An anti-ULEZ dinosaur has been spotted in south east London and Crayford holding a protesting sign alongside a ULEZ camera van which is being blocked by a flatbed truck.

On the surface of the flatbed truck is a warning to motorists written in yellow paint which reads “ULEZ VAN.”

The person in the orange dinosaur suit was seen in Perry Lane, Crayford on September 27 as well as at other locations.

Protesters across London have begun using methods to try and block ULEZ cameras from reading motorists' number plates.

TfL has begun deploying ULEZ vans following the damage caused to the stationary cameras, but some protesters have taken to using some creative approaches to try and render the cameras ineffective.

Two large vans were seen sandwiching in a van, covering the ULEZ camera due to their large sides earlier this week in Bexleyheath.

Just last week, more ULEZ cameras across south east London and Dartford were spotted damaged – but this time the whole pole have been taken down along with the traffic lights.

A picture taken on Crayford Way in Dartford shows a post cut in the middle, causing it to topple onto the floor.

Another camera pole was seen cut in Biggin Hill, Bromley, also with the inside wires cut on September 18.

People who drive in the zone in a vehicle that does not meet minimum emissions standards are required to pay a £12.50 daily fee or risk a £180 fine, reduced to £90 if paid within 14 days.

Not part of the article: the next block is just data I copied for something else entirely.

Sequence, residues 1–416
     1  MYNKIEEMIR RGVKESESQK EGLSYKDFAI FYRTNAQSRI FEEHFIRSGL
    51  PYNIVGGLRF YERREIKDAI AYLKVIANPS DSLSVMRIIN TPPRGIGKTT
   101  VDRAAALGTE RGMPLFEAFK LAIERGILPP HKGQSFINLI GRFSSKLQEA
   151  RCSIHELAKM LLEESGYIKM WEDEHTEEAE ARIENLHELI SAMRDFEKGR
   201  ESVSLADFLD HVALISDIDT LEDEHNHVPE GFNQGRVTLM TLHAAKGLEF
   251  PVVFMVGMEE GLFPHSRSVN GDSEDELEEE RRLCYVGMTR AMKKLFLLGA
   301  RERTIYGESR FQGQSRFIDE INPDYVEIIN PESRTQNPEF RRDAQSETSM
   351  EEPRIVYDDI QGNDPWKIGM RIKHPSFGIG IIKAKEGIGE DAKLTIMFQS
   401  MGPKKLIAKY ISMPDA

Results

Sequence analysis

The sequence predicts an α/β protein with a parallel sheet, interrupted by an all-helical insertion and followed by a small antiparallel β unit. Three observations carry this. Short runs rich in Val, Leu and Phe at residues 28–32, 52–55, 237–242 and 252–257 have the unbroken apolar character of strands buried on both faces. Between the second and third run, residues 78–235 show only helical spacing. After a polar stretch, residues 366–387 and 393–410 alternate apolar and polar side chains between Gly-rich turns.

The Mayor of London says that this will bring the health benefits of cleaner air to all Londoners.

In recent weeks, reports of vandalism to the ULEZ cameras have included cutting of the camera’s wires, painting over the lens, or completely removing the device.

The Metropolitan Police are dedicating a “significant amount” of resources to tackling ultra-low emission zone camera-related crime, the force’s commissioner has said.

There were 510 crime reports relating to ULEZ cameras logged between April 1 and the end of August.

Two arrests have been made, with one person charged and bailed and the other case discontinued by the Crown Prosecution Service, the force said.

There have been approximately 160 reports of cameras being stolen and 350 cameras being damaged, according to Met Police figures.

The actual number of cameras affected may be higher as one report can represent multiple offences.

A Transport for London spokesperson said last week that camera vandalism will not stop the Ulez operating London-wide.

They added: “All vandalised cameras are replaced as soon as possible.

“We have an extensive camera network which is sufficient to support the effective operation of the scheme.”